I want to read you a couple of profiles that describe a person, and see which one you like better.
The first description has words like these: considerate, good-natured, team-player, thoughtful, dependable, good listener. Do you like the sound of this person? Good. I don't want to brag, but this comes from a personality profile done on me.
Contrast this with this second description: stubborn, inflexible, hesitant, detached. How do you like the sound of this person? You may be surprised to know that this is from the same personality profile, actually from the same page, and it's also me, except under pressure, tension, stress, or fatigue. It's like I have these two sides: considerate, good-natured, thoughtful – but on the other hand stubborn, inflexible, detached. Same person, but different circumstances. And it makes all the difference in the world.
We all have this. We have our best selves – the people that we aspire to be, and maybe we succeed most of the time. Then we have the other side. I heard a young girl talking about her father one day. Evidently he gets a little grumpy at times. The word that she used for her father to describe wasn't grumpy, but stressed. We are different people when we are under pressure, tension, stress, or fatigue.
Maybe the same is true when it comes to churches.
I would like Richview to be known by words like these: biblical, loving, evangelistic, Christ-centered, people-focused. In our best moments we are these things. But churches face stresses too, and under stress it's possible for us to become like other words: grumpy, unloving, inward, program-focused. It's almost like two different churches, but it's not. It's Richview at our best and Richview under stress.
A couple of years after I arrived here, I started to discover the rhythms of our church's life. I began to discover that there are times that we shut down and that life is pretty relaxed around here. I also began to discover that there are other times – usually characterized by a budget crunch, busyness, or some stressful situation that we were facing – that we aren't who we aspire to be.
We're not the first people to face this problem. The passage that we're looking at this morning was written to churches under incredible stress. The stress came from the fact that the people around them were intolerant of their faith in Christ, and this put pressure on them at work and in their marriages and with their friends. They also faced the danger of having this stress affect the way that they functioned as they came together to be the church. Peter writes about this problem, and he sandwiches his instructions in between two passages on suffering. That's no accident. How we relate to each other is going to be affected by the situation we face.
So how should we respond when we're a stressed-out church?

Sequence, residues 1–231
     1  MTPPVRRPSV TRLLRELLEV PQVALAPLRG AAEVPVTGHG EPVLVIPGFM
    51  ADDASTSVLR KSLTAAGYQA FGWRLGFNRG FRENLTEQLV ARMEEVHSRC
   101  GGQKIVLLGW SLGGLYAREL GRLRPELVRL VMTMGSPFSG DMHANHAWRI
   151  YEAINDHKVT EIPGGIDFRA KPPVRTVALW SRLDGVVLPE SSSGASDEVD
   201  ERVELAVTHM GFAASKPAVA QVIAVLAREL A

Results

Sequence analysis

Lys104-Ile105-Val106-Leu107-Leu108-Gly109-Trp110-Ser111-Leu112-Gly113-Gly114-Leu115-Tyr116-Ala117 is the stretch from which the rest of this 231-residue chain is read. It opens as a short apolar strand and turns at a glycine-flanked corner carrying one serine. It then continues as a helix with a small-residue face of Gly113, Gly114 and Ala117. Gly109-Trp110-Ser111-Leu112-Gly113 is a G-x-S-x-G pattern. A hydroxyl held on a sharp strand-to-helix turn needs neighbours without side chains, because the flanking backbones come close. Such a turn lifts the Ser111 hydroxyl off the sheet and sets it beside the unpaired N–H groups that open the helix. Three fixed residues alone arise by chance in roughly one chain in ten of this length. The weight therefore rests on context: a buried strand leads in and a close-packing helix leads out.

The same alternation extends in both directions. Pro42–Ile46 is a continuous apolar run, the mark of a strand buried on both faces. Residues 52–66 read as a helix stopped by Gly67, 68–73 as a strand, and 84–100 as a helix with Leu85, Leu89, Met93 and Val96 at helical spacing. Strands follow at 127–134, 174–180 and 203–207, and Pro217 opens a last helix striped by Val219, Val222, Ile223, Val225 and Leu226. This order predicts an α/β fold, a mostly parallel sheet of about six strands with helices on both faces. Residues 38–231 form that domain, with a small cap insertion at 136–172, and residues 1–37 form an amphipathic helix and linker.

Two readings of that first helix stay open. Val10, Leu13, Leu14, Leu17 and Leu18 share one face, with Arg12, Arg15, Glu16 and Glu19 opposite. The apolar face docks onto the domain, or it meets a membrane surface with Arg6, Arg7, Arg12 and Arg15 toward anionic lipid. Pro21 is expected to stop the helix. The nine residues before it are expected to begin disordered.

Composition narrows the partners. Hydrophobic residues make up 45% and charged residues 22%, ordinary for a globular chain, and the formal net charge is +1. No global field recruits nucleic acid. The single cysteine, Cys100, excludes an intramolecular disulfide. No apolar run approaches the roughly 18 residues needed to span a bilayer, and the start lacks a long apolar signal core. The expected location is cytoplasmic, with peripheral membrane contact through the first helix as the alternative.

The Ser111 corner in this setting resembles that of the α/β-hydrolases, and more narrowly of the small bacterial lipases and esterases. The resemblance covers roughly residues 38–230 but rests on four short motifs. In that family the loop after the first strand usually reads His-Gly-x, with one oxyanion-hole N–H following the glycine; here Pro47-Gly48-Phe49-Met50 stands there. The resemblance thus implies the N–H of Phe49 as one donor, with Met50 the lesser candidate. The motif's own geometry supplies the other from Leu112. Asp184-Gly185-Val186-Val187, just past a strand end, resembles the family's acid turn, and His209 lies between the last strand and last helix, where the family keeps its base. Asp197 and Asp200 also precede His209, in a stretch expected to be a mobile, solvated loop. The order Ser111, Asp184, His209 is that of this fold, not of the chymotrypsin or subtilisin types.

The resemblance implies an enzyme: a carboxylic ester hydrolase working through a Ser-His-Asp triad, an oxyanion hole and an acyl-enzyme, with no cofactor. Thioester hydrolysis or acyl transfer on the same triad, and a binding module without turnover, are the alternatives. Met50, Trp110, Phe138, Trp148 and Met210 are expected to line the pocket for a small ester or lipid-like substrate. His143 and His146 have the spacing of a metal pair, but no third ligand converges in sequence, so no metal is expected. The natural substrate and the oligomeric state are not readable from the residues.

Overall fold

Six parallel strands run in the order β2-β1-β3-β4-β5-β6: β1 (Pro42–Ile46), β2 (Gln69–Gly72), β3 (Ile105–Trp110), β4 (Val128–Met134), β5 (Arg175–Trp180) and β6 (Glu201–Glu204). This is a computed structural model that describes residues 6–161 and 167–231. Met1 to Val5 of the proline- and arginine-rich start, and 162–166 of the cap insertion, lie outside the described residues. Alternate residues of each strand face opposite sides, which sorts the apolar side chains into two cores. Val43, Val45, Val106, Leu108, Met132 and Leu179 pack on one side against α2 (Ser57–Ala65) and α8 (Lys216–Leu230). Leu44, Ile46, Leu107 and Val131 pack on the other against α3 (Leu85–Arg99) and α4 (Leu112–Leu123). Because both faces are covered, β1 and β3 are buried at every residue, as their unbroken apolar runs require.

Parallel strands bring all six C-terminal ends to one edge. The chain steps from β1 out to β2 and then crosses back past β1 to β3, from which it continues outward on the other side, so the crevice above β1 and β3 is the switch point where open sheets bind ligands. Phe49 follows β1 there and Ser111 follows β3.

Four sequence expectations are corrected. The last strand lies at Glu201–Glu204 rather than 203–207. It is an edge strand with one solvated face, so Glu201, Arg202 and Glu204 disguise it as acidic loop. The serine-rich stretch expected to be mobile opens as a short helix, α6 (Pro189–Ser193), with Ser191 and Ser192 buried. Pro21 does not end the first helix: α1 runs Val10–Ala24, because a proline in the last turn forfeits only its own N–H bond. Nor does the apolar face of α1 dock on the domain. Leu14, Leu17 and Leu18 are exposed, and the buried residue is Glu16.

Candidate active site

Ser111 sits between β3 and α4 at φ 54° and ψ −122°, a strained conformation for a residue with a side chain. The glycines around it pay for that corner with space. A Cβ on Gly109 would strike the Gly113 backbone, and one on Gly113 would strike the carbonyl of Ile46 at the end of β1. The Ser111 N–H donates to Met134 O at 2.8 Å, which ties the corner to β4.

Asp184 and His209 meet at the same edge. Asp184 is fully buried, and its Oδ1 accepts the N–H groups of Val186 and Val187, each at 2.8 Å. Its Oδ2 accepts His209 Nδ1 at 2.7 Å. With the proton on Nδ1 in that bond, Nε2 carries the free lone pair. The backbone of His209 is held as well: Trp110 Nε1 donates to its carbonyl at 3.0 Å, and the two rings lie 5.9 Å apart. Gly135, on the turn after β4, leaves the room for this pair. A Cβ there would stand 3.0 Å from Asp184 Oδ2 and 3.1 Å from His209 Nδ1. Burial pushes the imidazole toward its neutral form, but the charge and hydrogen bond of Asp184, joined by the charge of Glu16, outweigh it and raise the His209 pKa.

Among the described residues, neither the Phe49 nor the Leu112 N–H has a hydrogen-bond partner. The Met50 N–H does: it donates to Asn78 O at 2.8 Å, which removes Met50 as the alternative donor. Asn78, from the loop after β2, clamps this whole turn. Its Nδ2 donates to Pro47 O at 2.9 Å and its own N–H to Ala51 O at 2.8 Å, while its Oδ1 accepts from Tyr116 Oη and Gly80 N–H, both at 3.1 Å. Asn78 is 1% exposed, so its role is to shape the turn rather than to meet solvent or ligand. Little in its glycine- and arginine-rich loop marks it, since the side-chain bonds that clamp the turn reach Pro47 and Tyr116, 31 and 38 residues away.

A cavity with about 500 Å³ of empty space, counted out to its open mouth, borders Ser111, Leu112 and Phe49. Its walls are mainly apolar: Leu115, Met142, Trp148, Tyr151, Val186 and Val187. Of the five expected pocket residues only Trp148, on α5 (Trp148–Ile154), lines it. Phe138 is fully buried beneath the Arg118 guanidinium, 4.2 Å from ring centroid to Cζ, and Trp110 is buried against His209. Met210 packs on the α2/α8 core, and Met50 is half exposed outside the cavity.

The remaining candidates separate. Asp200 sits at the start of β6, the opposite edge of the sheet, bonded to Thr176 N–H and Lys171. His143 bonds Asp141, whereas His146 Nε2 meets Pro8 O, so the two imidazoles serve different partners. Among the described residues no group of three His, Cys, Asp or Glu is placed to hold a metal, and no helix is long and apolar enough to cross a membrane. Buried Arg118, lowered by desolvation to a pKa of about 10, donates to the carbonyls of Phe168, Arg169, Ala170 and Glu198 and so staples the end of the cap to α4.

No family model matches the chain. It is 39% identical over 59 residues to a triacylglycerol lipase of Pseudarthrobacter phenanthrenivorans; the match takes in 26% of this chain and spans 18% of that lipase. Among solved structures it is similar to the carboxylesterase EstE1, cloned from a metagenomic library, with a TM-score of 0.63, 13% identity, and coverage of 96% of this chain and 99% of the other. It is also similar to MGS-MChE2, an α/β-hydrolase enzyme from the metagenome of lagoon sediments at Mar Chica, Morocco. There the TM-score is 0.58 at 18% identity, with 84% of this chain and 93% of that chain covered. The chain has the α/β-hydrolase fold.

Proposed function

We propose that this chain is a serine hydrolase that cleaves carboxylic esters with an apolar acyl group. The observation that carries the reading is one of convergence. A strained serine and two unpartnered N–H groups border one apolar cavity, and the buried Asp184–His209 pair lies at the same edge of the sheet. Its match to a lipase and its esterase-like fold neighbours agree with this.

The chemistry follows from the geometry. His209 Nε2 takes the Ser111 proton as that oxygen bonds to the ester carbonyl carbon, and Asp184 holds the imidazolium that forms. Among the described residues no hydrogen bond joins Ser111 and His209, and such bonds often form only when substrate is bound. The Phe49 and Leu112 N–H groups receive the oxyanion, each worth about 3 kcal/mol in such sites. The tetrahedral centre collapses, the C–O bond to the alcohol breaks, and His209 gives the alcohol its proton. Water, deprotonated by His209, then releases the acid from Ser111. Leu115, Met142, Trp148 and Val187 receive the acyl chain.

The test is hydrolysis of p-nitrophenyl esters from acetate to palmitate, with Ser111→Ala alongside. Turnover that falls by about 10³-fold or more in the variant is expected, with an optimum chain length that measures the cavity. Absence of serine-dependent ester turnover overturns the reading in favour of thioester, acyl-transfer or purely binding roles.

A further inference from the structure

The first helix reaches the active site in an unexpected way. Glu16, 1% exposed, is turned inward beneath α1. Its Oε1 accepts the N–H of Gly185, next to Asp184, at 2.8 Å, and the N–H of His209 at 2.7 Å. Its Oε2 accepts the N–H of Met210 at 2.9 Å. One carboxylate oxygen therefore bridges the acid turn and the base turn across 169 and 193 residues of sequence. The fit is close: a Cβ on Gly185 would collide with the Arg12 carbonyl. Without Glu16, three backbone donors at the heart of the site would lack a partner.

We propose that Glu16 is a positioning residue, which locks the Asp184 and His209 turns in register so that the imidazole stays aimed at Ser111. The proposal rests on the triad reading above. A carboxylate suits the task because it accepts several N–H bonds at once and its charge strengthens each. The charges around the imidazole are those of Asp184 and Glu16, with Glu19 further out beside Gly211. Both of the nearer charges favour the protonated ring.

It's interesting that Peter doesn't say to not be stressed. He doesn't say to light a candle or get a back massage or do aromatherapy to de-stress as a church. No matter what they did, they were going to continue to face stress, because their outside environment wasn't going to change.
I imagine there are times that we can look each other and say – in love – "Let's take a deep breath here." But there are going to be other times that we can't do anything about the fact that our church is under stress. Sometimes that is the reality that we face, and there won't be much we can do about the stress itself.
But there is something that we can do about how we respond in a time of stress. 1 Peter 5 gives us a congregational code, and it's all about our responsibilities to each other within the church, especially in a time of stress.
What is a congregational code? In Peter's day, they had something called a household code. In the Greek and Roman worlds, household codes outlined the way that the house should run. Instructions were usually given to the head of the house, the father, to rule over the household wisely. His wife, children and slaves were subject to him until his death.
Peter takes this household code and does something that the Greeks and the Romans didn't do. He applies it to the congregation, as if we are not just a collection of individuals but an actual household, connected by family ties despite all of our differences. This was unheard of. And Peter doesn't just write to the head of the churches saying that they have to rule over the church-households with a firm hand. Instead, he writes to the whole church and outlines responsibilities for all. He touches on areas that are especially appropriate when a church is under stress.
Let's look at the congregational code, or how to be function as members of God's family within the church when we're under stress. He addresses three groups of people: leaders, followers, and then everybody.
First: leaders are to serve.
Peter writes to "elders" in verse 1 as a "fellow elder", and in verse 2 he uses the word "shepherd" which is where we get the word pastor, and he talks about them "watching over" the church in verse 2.. Churches back then were based on similar leadership patterns based as Jewish synagogues and local ruling councils and in city government in the Greco-Roman world. So he's talking to the leaders of the churches.
To be a church leader in those days was a courageous act. They lived in perilous times, and serving as a leader meant that you were risking your position in society, even becoming vulnerable to the same fate as Jesus.
Remember that the codes in those days usually told the people in charge to take control and rule over the household. You can imagine that especially in a time of stress and pressure, leaders would have faced the temptation to become authoritarian and controlling.
But Peter says a couple of important things to the church leaders.
He first tells them what kind of leaders they are supposed to be:
- not reluctant, but willing leaders
- not greedy, but eager to serve
- not domineering, but a role model
In other words, leaders aren't to serve reluctantly as if they're doing everybody a favor. They shouldn't be motivated by a desire to get, but an eagerness to give. And they shouldn't see themselves as bosses but as examples. They're not kings; they're to be servants, even – especially – when the church is under stress.
Gilbert Bilezikian writes, "Leadership is a servant ministry." Although the pecking order is "an inescapable reality of daily life" in which people take their rank based on "birth, race, gender, fortune, and influence," the church is different. To be a leader in the church isn't "about the pride of who comes first," but "the humility of the one who comes in last." In the place of imperial leadership, we have the image of servanthood. We not only have the image, we actually have the example of Jesus, who took a basin and towel and washed his disciple's feet as a symbol of what he was about to do in dying for us. It's about a completely different attitude on the part of those who lead the church.
What could this look like? One pastor writes this: